39 Communication through the artefact When you change a shared application: –you can see the effect – feedback –your colleagues can too – feedthrough feedthrough enables … communication through the artefact

40 Shared data Feedthrough – not just with ‘real’ groupware … Shared data is pervasive: – shared files and databases – casework files (often non-electronic) – passing electronic copies of documents – passing copies of spreadsheets Often need direct communication as well, but indirect communication through the artefact central Few examples of explicit design for cooperation. –Liveware is an exception, a database with ‘merging’ of copies

41 frameworks for groupware time/space matrix revisited! shared information communication and work awareness

42 Time/space matrix revisited co-locatedremote synchronous asynchronous co-authoring systems, shared calendars argumentation tools and electronic conferences shared work surfaces and editors shared PCs and windows video conferences, video-wall, etc. meeting rooms

43 Refined time/space matrix Mobile workers and home workers have infrequent communication – they require unsynchronised groupware Need fluid movement between synchronised/unsynchronised operation co-locatedremote (a) concurrent synchronized (a/b) mixed (b) serial (c) unsynchronized meeting rooms video conferences video-wall, etc. shared work surfaces and editors shared PCs and windows co-authoring systems, shared calendars argumentation tools and structured messages electronic conferences

44 Shared information Granularity of sharing chunk size small – edit same word or sentance large – section or whole document update frequency frequent – every character infrequent – upon explicit ‘send’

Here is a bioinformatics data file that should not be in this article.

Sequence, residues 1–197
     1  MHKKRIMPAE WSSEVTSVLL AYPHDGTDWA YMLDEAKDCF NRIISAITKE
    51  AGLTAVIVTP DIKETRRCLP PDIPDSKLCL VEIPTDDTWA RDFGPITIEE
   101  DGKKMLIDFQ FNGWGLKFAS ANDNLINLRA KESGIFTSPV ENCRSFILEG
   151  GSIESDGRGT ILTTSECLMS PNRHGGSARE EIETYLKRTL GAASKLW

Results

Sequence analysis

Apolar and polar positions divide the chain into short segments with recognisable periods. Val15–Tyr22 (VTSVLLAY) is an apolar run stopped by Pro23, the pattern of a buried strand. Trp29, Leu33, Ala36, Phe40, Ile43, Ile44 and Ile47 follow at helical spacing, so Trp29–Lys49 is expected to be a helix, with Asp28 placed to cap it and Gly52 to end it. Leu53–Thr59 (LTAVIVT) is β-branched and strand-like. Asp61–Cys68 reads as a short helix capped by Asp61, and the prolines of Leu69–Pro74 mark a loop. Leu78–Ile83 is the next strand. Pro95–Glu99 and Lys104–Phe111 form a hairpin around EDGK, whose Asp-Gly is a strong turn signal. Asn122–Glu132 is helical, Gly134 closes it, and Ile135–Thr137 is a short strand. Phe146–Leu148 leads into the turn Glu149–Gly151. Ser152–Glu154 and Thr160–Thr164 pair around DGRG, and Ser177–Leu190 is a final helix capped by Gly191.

45 level of sharing output: shared object shared view shared presentation input: single insertion point– shared virtual keyboard multiple insertion points – other participants visible – group pointer – no visibility

46 Levels of shared output select houses, population from VILLAGE_STATS where population < 200 sort by houses ascending housespopulation population houses VILLAGE_STATS villagehousespopulation Burton Marleigh Westfield Thornby view object presentation

47 types of object to share type of shared data … influences style of sharing linear transcript (e.g. text chat) –monotonic – only add - makes things easier –… but sequenced – danger of race conditions shared add-only hypertext –montonic & unsequenced – several people can add children to same node whiteboard –montonic & unsequenced … apart from eraser!! –user defined structure complex object – shared hypertext or file system –!!!!!!!

48 ordering problems (race conditions) AlisonBrian send It's a beautiful day Let's go out after work. I agree totally It's a beautiful day. Let's go out after work. Alison It's a beautiful day. Let's go out after work. Alison send perhaps not, I look awful after the late party perhaps not, I look awful after the late party Alison I agree totally Brian send I agree totally Brian perhaps not, I look awful after the late party Alison

49 Integrating communication and work Added: deixis – reference to work objects feedthorough – for communication through the artefact Classified groupware by function it supported Good groupware – open to all aspects of cooperation e.g., annotations in co-authoring systems embedding direct communication bar codes – form of deixis, aids diffuse large scale cooperation control and feedback PP A communication understanding direct deixis feedthrough

50 awareness what is happening? who is there e.g. IM buddy list what has happened … and why? PP A what has happened who is there how did it happen